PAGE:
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Electron Beam Controlled CO2 Lasers at Los Alamos

  • K. Boyer
  • Ralph Cooper

Abstract

The concept of using lasers to compress and heat thermonuclear fuel to ignition relies on high-energy short-pulse lasers. To apply this idea to commercial power plants requires lasers of still higher energy (105 J or more) meeting other performance and economic constraints. At present, the CO2 laser is the only one that has reached a stage at which the development of 105-J systems appears to be a relatively straightforward and economically practical engineering effort. This paper describes the work at Los Alamos1,2 on electron-beam-controlled CO2 lasers, including the development of a single-beam 103-J laser, the design of an eight-beam 104-J system, and the research supporting these efforts. The experimental work reported here was conducted by members of the CO2 Laser Group under C. Fenstermacher and the bulk of the theoretical effort by a group under R. Morse. Contributors are too numerous to list here but some credits are given in the references, with publications where available. Some additional details are available in the Laser Program Progress Reports.1,2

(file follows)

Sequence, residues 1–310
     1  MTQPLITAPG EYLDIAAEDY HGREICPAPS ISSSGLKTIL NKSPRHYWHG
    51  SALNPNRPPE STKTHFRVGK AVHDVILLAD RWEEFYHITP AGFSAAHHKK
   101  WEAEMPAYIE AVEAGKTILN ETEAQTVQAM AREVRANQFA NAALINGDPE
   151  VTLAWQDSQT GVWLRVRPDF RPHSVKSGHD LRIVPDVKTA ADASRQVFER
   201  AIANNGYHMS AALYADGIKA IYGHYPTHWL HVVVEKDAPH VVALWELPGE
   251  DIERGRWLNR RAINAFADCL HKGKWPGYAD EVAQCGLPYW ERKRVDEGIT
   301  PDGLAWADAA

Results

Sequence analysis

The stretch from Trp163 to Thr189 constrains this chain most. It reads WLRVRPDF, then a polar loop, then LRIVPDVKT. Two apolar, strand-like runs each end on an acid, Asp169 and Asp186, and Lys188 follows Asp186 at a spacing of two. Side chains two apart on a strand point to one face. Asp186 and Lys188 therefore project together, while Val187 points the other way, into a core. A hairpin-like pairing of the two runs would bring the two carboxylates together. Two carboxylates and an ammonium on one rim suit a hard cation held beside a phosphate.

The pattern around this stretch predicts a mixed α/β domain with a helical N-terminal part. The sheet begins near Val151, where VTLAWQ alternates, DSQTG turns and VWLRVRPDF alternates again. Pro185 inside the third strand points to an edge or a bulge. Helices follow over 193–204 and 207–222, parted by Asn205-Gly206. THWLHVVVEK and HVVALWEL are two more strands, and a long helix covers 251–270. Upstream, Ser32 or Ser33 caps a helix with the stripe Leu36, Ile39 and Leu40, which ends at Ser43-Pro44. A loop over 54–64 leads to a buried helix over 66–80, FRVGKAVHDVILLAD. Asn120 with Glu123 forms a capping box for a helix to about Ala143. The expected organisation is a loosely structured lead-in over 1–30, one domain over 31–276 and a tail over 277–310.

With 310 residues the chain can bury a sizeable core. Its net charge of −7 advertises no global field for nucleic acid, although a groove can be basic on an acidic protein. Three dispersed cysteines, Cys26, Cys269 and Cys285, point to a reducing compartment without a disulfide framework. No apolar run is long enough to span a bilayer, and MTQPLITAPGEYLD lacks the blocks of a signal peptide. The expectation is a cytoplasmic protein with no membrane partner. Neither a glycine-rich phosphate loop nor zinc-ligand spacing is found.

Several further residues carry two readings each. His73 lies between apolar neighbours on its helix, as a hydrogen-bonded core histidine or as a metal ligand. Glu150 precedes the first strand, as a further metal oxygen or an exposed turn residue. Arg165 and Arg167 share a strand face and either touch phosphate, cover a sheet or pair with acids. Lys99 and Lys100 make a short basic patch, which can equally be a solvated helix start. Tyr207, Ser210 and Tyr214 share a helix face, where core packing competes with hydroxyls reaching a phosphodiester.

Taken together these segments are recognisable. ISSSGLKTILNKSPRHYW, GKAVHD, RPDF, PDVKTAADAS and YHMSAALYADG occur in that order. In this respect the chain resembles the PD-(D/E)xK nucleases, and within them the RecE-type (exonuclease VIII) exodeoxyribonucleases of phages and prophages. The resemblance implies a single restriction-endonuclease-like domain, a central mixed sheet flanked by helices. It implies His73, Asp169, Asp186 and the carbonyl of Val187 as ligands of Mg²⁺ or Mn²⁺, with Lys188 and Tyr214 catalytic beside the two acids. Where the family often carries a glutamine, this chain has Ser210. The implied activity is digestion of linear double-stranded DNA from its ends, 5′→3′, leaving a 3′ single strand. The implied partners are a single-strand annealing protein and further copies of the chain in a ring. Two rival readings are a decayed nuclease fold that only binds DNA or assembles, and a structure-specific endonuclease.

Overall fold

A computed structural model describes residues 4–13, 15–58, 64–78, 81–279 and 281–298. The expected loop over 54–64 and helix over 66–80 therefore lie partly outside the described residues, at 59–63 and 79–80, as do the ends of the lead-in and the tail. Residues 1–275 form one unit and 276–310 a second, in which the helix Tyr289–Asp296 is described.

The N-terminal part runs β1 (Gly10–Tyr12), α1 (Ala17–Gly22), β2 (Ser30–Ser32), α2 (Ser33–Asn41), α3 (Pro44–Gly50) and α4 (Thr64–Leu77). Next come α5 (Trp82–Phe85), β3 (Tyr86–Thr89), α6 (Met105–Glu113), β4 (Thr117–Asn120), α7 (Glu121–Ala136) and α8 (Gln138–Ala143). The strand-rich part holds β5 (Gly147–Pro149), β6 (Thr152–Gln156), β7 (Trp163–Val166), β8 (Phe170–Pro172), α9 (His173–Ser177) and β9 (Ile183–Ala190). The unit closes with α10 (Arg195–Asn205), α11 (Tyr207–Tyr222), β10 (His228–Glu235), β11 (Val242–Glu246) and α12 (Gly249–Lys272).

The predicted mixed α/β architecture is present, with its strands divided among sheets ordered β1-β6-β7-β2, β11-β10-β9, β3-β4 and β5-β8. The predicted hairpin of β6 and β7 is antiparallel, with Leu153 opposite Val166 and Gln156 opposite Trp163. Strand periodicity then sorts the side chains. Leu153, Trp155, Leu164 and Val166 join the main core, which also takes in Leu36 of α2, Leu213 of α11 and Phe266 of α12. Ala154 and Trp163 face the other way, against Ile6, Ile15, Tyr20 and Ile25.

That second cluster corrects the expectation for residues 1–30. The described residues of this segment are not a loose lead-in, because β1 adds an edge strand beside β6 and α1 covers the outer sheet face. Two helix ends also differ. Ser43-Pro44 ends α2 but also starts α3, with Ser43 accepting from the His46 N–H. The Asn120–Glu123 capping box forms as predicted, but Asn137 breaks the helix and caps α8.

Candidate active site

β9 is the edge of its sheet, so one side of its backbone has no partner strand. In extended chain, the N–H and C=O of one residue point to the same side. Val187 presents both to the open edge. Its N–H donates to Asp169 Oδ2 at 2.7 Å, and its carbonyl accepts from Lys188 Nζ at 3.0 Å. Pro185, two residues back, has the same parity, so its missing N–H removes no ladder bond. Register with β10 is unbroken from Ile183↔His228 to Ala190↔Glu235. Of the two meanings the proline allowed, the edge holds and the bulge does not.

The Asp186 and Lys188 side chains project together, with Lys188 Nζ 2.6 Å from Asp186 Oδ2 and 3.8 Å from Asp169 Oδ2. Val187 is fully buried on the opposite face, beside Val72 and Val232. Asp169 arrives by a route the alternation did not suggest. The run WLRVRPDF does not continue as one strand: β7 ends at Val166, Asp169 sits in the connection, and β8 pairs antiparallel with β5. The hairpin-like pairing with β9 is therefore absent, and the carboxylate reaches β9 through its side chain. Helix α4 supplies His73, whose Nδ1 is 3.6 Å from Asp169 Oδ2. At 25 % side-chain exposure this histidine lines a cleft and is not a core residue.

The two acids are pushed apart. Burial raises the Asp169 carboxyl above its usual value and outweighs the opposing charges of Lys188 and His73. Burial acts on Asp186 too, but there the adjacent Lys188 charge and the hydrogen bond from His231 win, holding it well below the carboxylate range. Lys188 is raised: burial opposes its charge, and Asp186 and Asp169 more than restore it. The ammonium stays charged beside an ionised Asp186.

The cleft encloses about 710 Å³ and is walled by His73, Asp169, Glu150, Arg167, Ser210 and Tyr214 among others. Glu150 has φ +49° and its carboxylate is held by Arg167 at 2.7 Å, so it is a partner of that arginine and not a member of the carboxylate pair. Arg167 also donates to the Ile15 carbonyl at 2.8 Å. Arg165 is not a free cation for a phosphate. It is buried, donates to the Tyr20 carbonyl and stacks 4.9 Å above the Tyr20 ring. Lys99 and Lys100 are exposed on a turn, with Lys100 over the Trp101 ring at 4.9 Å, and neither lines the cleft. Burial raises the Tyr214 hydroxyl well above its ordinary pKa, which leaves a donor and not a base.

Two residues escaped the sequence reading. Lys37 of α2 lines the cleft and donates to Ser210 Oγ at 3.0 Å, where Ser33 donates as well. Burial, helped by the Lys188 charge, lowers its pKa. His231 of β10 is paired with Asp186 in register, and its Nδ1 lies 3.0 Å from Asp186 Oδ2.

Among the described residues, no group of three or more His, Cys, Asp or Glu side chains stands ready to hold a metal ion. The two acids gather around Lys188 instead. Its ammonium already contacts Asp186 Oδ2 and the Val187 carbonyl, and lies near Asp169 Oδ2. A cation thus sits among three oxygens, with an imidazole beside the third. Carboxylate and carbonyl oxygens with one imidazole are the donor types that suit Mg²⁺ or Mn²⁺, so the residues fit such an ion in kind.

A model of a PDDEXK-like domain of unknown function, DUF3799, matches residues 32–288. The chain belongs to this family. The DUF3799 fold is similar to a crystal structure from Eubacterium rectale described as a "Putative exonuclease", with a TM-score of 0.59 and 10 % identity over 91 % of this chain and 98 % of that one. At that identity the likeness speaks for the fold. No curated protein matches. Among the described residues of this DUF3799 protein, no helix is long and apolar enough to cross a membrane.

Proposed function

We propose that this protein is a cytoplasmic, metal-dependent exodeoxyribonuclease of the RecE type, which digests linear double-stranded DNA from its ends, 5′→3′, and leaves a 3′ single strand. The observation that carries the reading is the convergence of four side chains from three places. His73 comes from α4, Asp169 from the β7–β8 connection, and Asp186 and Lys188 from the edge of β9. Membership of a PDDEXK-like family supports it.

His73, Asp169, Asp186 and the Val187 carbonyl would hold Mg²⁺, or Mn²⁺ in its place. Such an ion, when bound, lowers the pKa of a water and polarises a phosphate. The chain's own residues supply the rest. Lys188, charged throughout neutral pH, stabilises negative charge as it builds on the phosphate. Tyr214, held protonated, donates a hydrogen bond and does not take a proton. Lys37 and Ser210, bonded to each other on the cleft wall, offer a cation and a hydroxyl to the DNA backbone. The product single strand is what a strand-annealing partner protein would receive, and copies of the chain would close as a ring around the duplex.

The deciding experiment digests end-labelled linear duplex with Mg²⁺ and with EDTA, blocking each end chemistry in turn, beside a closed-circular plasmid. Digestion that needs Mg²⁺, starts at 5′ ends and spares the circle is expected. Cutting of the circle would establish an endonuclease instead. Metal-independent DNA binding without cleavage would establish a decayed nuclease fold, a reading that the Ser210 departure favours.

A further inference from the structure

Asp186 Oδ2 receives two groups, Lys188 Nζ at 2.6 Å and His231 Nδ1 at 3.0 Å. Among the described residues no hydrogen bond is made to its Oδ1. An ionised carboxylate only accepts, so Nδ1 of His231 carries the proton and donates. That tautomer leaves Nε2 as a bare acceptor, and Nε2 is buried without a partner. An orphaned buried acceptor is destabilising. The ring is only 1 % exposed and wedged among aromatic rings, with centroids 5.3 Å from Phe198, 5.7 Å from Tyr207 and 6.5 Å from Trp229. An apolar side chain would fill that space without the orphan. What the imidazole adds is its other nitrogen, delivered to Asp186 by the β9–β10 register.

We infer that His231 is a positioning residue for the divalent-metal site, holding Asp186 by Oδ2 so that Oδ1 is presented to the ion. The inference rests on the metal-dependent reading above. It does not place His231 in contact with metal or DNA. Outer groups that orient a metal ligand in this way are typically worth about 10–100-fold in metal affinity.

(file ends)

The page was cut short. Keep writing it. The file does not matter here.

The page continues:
Keywords

Nanosecond Pulse Rotational Relaxation Amplifier Stage Rotational Relaxation Time Alamos Scientific Laboratory 
These keywords were added by machine and not by the authors. This process is experimental and the keywords may be updated as the learning algorithm improves.

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Copyright information

© Plenum Press, New York 1974

Authors and Affiliations

  • K. Boyer
    • 1
  • Ralph Cooper
    • 1
  1. 1.Los Alamos Scientific LaboratoryUniversity of CaliforniaLos AlamosUSA

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